The prevalence and incidence of convulsive disorders in children

Epilepsia. 1994;35 Suppl 2:S1-6. doi: 10.1111/j.1528-1157.1994.tb05932.x.


Each year, about 150,000 children and adolescents in the United States will come to medical attention for evaluation of a newly occurring seizure disorder of some type. Between 2% and 4% of all children in Europe and the United States experience at least one convulsion associated with a febrile illness before the age of 5 years. The cumulative incidence of febrile convulsions among children ranges from about 1% in China to more than 8% in Japan and 14% in Guam. The peak incidence of a first febrile convulsion occurs in the second year of life. Between 0.5% and 1% of children and adolescents experience a seizure associated with other acute metabolic or neurologic insults; most of these occur in the neonatal period. The incidence of epilepsy (recurrent unprovoked seizures) in children and adolescents seems relatively consistent across all populations studied, ranging from 50 to 100/100,000. The highest incidence of epilepsy is in the first year of life. West syndrome accounts for about 2% of all childhood epilepsy. Lennox-Gastaut syndrome for 1-2%, childhood absence epilepsy (pyknolepsy) for 10-15%, juvenile myoclonic epilepsy for 5%, and idiopathic localization-related epilepsy for 10%. Between 0.5 and 1% of children experience a nonrecurrent, single, unprovoked convulsive episode. Following are the estimated numbers of children and adolescents with newly diagnosed convulsive disorders in the United States for the year 1990: febrile seizures, 100,000; neonatal seizures, 4,000; other provoked seizures, 6,000; single unprovoked seizures, 10,000; and epilepsy, 30,000.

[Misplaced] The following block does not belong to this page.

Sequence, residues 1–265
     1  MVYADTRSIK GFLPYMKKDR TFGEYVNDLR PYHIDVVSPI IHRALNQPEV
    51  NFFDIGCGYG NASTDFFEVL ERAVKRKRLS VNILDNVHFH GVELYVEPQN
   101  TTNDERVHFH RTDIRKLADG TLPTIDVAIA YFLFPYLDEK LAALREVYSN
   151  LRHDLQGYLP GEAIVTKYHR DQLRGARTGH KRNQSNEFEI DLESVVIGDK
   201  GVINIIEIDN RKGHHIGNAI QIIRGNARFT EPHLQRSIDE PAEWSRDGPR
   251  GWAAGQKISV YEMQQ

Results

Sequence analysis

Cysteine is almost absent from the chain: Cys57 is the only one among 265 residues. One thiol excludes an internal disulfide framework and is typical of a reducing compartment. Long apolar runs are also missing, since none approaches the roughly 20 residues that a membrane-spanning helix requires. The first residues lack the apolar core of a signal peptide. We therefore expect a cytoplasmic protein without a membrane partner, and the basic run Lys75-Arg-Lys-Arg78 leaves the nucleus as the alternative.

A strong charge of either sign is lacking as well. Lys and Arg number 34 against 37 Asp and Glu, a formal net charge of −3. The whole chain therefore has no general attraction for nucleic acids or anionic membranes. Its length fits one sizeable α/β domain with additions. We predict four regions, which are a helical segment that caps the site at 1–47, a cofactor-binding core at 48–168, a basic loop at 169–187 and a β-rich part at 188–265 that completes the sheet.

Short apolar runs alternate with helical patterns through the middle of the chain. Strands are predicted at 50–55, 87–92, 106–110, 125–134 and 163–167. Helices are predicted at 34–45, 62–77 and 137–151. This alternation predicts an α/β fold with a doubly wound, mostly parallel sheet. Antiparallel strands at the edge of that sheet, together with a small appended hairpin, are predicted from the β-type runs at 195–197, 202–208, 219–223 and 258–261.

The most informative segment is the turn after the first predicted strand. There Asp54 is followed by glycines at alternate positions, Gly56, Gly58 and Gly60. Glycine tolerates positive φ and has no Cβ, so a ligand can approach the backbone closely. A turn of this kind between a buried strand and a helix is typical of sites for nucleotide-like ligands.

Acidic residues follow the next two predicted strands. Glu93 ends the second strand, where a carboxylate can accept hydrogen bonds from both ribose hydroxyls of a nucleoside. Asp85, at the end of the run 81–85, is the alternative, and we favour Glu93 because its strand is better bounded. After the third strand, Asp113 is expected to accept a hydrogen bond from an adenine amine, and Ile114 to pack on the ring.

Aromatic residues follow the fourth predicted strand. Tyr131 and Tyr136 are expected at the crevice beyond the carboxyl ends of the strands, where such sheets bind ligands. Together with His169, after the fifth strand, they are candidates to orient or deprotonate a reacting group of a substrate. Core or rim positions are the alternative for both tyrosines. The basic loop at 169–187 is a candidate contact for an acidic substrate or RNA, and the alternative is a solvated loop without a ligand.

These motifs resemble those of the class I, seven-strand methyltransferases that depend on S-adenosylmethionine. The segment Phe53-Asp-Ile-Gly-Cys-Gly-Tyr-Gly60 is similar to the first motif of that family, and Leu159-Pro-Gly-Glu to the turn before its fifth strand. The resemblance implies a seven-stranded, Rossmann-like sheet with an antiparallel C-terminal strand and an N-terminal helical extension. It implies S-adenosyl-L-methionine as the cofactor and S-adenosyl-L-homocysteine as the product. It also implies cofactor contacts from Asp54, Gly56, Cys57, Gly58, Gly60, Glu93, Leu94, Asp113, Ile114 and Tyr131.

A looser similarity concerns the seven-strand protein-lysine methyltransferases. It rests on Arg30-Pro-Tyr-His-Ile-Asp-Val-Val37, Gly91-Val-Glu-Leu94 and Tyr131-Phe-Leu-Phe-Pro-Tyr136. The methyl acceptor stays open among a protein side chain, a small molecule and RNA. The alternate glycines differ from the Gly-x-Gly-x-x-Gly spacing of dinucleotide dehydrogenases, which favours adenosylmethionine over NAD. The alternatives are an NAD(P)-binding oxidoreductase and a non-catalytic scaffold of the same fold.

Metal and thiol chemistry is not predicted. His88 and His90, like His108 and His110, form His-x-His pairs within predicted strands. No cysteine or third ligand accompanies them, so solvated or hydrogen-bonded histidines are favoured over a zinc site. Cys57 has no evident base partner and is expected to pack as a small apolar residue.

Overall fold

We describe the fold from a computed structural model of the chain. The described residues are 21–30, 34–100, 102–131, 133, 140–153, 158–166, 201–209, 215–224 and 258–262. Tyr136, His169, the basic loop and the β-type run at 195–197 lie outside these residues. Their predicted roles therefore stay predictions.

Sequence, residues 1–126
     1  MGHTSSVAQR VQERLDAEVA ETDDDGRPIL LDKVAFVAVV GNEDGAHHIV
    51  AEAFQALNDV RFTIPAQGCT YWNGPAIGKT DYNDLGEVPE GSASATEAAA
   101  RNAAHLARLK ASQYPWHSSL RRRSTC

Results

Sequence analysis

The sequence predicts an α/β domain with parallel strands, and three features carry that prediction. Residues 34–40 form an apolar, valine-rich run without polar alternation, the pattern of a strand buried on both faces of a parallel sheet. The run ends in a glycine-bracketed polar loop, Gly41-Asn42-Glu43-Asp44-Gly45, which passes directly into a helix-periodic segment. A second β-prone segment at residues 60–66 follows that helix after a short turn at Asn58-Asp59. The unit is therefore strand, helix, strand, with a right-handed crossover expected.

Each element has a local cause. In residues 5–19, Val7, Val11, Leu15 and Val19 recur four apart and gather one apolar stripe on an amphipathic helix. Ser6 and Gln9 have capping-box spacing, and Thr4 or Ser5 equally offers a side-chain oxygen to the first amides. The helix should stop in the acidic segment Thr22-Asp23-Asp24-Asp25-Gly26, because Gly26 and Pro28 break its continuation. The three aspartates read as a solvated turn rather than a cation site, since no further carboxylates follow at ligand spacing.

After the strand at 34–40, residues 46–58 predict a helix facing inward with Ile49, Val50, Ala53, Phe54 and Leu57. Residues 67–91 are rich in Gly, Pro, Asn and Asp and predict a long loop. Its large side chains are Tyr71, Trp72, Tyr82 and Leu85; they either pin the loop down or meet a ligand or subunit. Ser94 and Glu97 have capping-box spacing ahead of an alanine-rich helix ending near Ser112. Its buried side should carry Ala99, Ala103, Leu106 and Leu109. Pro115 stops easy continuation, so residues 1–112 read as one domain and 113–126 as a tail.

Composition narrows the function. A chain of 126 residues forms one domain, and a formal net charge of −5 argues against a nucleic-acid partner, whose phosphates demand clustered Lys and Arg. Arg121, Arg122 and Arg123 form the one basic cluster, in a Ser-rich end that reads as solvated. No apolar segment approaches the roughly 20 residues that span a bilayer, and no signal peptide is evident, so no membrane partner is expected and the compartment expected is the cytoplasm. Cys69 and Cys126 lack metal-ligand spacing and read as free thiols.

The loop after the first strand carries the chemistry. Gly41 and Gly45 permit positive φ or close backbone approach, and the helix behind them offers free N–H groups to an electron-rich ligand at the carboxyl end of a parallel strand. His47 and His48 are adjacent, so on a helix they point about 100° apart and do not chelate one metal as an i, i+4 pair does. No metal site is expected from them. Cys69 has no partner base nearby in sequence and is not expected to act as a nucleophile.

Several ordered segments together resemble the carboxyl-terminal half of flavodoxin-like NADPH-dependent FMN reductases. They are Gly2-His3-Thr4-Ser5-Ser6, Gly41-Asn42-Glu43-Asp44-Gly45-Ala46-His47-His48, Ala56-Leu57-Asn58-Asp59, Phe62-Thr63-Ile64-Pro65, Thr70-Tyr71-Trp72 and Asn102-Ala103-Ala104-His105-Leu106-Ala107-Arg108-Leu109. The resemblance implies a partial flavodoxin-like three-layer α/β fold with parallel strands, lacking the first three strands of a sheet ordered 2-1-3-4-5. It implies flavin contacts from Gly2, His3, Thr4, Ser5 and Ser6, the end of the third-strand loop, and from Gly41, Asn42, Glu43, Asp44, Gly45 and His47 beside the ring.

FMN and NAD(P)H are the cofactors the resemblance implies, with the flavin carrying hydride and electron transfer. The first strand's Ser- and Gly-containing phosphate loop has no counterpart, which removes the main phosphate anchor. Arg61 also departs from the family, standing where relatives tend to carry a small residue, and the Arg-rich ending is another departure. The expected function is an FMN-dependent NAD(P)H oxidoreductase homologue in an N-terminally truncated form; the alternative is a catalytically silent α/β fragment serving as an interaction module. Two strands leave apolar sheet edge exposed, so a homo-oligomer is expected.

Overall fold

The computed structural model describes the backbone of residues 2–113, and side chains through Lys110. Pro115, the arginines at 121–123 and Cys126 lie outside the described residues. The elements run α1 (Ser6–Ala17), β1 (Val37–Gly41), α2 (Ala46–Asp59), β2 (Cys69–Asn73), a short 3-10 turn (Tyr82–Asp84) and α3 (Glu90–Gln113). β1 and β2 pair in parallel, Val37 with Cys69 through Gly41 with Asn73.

Publication types

  • Research Support, U.S. Gov't, P.H.S.

MeSH terms

  • Adolescent
  • Age Factors
  • Child
  • Child, Preschool
  • China / epidemiology
  • Epilepsy / epidemiology*
  • Female
  • Global Health
  • Guam / epidemiology
  • Humans
  • Incidence
  • Infant
  • Infant, Newborn
  • Japan / epidemiology
  • Male
  • Prevalence
  • Seizures / epidemiology*
  • Seizures, Febrile / epidemiology*
  • Syndrome
  • United States / epidemiology